Updated from 12:36 p.m. EDT
United Airlines parent
has told a bankruptcy court it still needs more labor cuts in order to have a viable business.
The airline's lawyers said Friday in court that United intends to seek termination of its employee pension plans, as well as additional wage and benefit cuts. The airline would seek to replace existing pension plans with other retirement benefits and hopes to hammer out consensual agreements with employees in order to have savings in place by mid-January, a United said Monday.
United's unions have already agreed to large concessions since the airline entered bankruptcy protection in 2002.
UAL shares were unchanged at $1.01.
In a statement, the pilots union said it will resist wage and benefit concessions until United seeks cost savings from non-labor sources, noting that pilots have already made sacrifices and must by law retire at age 60.
"We fully understand the financial challenges facing the company as it seeks to exit from bankruptcy," the statement said. "It remains clear to us, however, that the company has not fully explored all non-labor cost savings before turning to its pilots and other employees for another bail-out. Neither has the company secured appropriate sacrifices from United's creditors, aircraft lessors or Star Alliance airline partners."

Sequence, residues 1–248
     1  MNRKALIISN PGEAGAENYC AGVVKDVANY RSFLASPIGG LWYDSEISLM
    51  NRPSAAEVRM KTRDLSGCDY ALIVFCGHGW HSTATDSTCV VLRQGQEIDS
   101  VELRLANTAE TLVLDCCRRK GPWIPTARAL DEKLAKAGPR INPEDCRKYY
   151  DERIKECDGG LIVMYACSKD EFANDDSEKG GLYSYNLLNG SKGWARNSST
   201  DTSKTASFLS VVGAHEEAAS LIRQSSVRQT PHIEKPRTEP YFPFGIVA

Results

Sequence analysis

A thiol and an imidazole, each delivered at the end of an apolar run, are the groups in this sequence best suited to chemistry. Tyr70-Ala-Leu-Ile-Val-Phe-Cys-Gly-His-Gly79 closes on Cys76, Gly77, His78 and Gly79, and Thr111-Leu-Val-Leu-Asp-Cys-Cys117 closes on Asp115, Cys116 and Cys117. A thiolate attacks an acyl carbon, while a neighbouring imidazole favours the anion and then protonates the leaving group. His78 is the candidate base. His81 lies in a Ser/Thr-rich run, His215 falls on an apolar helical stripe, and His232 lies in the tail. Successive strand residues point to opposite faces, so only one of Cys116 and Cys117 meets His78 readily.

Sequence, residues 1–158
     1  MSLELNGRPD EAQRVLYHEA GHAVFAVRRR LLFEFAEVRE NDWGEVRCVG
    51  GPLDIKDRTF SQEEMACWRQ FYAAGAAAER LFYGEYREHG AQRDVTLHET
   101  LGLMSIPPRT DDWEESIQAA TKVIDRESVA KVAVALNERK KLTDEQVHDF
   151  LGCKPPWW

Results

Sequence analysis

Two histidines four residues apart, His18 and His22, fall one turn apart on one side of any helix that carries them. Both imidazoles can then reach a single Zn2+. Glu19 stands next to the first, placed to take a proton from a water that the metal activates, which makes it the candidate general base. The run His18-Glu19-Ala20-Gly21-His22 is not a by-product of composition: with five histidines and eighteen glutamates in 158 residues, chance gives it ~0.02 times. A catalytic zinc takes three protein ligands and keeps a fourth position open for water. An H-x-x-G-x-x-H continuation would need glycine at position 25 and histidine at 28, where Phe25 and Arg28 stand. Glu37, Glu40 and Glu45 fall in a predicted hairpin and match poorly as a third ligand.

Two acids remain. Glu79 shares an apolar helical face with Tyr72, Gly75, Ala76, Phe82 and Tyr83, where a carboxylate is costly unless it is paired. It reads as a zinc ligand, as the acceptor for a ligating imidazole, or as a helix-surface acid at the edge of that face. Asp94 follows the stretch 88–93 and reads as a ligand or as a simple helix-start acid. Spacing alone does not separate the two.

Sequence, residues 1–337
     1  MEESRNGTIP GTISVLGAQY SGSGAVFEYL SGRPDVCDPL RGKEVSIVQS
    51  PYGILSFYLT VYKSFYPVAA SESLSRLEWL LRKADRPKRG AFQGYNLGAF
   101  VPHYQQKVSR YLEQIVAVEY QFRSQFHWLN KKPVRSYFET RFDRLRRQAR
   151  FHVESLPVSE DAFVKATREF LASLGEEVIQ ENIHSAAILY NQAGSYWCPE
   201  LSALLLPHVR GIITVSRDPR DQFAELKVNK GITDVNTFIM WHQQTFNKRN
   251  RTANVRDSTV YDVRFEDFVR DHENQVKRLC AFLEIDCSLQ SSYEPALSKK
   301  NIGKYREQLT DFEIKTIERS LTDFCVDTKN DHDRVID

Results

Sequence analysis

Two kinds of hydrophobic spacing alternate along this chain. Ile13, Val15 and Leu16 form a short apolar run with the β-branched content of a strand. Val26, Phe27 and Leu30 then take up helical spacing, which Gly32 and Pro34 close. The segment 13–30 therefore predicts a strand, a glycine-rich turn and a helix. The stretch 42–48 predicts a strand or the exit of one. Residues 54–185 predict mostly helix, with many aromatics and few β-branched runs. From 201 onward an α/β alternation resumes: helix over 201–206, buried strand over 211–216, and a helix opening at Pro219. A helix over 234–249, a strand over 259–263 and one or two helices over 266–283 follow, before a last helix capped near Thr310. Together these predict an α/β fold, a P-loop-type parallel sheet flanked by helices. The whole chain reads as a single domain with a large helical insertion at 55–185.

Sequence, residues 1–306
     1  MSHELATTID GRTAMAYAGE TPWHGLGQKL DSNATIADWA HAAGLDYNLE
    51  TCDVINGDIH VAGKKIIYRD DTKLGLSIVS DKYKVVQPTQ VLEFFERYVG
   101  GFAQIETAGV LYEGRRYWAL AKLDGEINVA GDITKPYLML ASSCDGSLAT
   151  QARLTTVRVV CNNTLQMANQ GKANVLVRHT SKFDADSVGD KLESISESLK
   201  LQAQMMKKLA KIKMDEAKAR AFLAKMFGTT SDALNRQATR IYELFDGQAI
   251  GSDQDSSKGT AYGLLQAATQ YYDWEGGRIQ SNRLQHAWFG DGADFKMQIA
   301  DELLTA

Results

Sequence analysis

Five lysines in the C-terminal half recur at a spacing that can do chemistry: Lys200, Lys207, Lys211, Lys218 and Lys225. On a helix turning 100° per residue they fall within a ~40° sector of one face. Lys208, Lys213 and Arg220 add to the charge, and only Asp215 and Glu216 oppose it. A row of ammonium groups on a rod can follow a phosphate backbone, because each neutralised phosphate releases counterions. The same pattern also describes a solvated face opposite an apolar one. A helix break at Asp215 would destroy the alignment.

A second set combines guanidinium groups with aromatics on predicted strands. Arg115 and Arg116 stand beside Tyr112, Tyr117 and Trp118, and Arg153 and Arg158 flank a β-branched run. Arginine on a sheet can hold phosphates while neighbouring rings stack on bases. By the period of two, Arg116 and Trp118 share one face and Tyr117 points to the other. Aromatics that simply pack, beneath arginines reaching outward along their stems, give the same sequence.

In response, an airline spokeswoman said, "We're looking at everything. We're continuing to look at costs all across the company."
United is seeking to emerge from Chapter 11 bankruptcy protection, but like other airlines, it's struggling in an environment of record-high fuel prices, excess capacity and harsh price competition.
The carrier told the bankruptcy court Friday it now expects fuel costs this year to be more than $1.2 billion higher than planned.
This week, investors will get a chance to see how United's network airline peers fared in the third quarter.
reports results tomorrow, followed by American Airlines parent
Delta Air Lines
on Wednesday. Wall Street expects all of them to weigh in with losses.